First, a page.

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Friday, April 3, 2015

Retro Reading: Hugo Award Winning Books (or Books that I Thought had won the Hugo!)

You have to figure that if you aspire to read every Hugo Award winning novel written since 1954, you are really going to have some memorable experiences.  While my original goal wasn't to read every one, just the ones that I have been putting off for too long, I may go ahead and try to finish them all.  I had read a number of them before I started actively looking for the ones I have missed and the Hugo Award for Best Novel began in 1953, so I have about 40 books left to's very doable and should be rewarding.  As it turns out, this post will include some non-Hugo winning books that I thought had won and read them anyway.

As I am writing this, I was about to include Childhood's End by Arthur C. Clarke, but I notice that it did not win the Hugo when it was published.  I found it to be one of the more disturbing and memorable of the books I have read recently and I picked it up thinking it must have won the Hugo based on all the acclaim it has received over the years.  I believe I have read that the Hugo wasn't given out the year it was published (1953) although it was nominated for a Retro Hugo in didn't win!

The Stars Are Also Fire by Poul Anderson faked me out I think because the book cover said Hugo Award Winning Author.  But, I probably picked it out because of the cool Vincent Di Fate cover artwork.  It was a good page turner and seemed written 20 years before it's actual publication date for some reason.  The characters were relatable (sic) and there's a lot of drama contained within.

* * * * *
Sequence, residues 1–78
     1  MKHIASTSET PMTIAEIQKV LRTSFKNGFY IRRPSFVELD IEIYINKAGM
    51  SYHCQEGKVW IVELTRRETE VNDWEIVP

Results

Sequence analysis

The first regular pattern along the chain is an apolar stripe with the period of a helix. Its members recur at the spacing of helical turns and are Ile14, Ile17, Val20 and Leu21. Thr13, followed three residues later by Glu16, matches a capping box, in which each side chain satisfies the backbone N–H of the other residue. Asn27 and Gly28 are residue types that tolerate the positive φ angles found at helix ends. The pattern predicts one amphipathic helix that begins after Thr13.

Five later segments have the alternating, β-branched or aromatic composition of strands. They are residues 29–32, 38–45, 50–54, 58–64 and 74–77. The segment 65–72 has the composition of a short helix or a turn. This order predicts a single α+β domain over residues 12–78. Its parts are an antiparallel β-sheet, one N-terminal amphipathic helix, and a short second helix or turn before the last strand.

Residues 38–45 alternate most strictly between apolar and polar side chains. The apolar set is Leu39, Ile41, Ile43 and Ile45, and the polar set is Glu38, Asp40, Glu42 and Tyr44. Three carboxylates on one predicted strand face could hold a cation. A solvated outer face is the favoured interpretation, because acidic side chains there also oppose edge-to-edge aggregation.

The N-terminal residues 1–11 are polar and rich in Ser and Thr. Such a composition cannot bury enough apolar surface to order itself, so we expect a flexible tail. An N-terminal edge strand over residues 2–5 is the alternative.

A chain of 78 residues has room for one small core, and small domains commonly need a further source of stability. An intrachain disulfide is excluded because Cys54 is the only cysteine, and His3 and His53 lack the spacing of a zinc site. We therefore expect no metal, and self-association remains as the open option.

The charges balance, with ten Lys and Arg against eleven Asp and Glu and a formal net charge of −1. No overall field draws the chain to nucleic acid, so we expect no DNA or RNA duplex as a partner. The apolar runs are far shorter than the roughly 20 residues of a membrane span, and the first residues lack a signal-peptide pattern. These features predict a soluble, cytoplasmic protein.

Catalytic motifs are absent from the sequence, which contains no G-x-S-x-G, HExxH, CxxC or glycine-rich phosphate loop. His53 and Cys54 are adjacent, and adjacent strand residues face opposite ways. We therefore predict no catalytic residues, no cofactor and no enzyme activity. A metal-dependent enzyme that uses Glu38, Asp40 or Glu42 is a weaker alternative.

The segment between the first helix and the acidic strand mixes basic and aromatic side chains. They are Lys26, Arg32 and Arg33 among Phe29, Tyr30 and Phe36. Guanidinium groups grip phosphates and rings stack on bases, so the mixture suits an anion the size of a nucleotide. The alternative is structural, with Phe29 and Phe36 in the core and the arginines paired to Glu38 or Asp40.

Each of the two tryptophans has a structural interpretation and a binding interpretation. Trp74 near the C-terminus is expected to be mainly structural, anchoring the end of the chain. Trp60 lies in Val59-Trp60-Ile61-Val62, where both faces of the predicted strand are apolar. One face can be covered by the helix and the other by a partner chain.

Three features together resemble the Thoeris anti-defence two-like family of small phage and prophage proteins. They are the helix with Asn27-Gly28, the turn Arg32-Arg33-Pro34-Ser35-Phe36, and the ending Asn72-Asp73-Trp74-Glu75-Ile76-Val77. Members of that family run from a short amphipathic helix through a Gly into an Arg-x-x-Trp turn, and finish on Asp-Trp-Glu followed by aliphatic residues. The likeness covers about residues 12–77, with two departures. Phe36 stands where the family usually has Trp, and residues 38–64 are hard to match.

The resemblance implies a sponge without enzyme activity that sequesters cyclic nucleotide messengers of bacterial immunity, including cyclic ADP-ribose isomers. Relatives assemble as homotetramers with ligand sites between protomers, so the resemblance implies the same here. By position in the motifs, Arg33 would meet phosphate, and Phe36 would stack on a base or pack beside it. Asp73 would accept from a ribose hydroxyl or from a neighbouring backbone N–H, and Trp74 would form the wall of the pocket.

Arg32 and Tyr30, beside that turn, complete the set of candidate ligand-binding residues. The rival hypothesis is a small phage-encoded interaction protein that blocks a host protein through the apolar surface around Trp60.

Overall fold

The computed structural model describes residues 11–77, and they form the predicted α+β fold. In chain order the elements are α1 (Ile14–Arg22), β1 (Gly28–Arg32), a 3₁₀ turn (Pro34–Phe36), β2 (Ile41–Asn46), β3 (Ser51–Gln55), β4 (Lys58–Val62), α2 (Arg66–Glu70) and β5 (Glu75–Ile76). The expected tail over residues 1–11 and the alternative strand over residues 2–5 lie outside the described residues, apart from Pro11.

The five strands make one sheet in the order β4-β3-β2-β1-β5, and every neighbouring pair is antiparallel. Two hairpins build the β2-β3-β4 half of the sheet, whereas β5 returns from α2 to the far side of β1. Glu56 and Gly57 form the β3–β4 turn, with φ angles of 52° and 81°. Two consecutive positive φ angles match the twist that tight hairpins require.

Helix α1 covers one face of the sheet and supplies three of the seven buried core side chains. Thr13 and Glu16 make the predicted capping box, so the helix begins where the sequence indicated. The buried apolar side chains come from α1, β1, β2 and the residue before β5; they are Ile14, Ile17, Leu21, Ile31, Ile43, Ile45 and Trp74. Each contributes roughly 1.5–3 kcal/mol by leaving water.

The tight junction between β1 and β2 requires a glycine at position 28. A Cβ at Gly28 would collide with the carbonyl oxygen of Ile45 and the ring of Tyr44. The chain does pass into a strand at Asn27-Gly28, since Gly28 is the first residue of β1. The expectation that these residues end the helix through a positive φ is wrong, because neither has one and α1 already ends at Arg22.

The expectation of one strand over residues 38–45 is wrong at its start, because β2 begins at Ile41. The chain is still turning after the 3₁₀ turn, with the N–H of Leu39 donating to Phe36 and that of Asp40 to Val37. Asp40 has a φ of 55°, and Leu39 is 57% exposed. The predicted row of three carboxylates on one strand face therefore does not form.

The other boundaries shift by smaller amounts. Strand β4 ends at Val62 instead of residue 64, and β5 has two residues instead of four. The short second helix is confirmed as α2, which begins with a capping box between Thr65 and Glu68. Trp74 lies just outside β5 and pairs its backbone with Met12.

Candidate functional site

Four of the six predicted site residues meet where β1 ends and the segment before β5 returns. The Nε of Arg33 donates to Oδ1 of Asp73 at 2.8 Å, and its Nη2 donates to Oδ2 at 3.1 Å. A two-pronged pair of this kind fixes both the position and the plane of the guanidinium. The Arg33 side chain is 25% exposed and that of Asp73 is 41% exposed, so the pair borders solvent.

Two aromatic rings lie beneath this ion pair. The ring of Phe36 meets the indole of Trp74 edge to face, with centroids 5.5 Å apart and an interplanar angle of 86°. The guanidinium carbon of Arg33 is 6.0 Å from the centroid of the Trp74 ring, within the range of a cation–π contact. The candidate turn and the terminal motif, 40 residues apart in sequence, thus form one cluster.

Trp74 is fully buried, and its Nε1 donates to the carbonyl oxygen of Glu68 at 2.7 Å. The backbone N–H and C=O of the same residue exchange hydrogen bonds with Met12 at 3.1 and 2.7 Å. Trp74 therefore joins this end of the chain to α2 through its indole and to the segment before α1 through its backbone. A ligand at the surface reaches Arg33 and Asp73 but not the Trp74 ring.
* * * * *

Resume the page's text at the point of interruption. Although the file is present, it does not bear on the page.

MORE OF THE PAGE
The original three Foundation books by Isaac Asimov...didn't win the Hugo!  But I read them knowing they were part and parcel of a science fiction readers lexicon. 
The Foundation Trilogy by Isaac Asimov was another collection of books that were so "classic" that I assumed were Hugo Award winners.  They were fun and I could definitely see how they inspired ideas in many films and subsequent books, including Star Wars.
Arthur C. Clarke has won some Hugo Awards, but this book, The Songs of Distant Earth, wasn't even nominated.  Written in 1986, it presages the internet and a few other contemporary aspects of life.  I really enjoyed the book and would recommend it to deals with global calamity and escape from our world to survive, but the crisis does not come from climate change.

What books have you read that you thought had won the Hugo or other awards but hadn't?  Or what books do you think should have been nominated?

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